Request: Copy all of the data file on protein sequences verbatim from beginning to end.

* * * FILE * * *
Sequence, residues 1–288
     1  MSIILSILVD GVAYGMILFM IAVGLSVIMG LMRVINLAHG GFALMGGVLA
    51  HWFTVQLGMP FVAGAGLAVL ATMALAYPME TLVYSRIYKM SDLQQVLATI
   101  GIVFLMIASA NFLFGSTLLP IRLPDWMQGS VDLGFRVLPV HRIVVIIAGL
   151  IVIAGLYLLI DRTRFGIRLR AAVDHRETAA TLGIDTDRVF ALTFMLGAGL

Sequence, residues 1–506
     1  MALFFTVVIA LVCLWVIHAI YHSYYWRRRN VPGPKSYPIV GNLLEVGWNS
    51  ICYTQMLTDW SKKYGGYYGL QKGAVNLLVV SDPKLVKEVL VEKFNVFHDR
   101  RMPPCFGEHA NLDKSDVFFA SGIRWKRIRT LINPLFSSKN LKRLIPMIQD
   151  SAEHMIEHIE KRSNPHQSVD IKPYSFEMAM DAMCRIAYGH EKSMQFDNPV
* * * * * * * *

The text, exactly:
Sequence, residues 1–288
     1  MSIILSILVD GVAYGMILFM IAVGLSVIMG LMRVINLAHG GFALMGGVLA
    51  HWFTVQLGMP FVAGAGLAVL ATMALAYPME TLVYSRIYKM SDLQQVLATI
   101  GIVFLMIASA NFLFGSTLLP IRLPDWMQGS VDLGFRVLPV HRIVVIIAGL
   151  IVIAGLYLLI DRTRFGIRLR AAVDHRETAA TLGIDTDRVF ALTFMLGAGL

Sequence, residues 1–506
     1  MALFFTVVIA LVCLWVIHAI YHSYYWRRRN VPGPKSYPIV GNLLEVGWNS
    51  ICYTQMLTDW SKKYGGYYGL QKGAVNLLVV SDPKLVKEVL VEKFNVFHDR
   101  RMPPCFGEHA NLDKSDVFFA SGIRWKRIRT LINPLFSSKN LKRLIPMIQD
   151  SAEHMIEHIE KRSNPHQSVD IKPYSFEMAM DAMCRIAYGH EKSMQFDNPV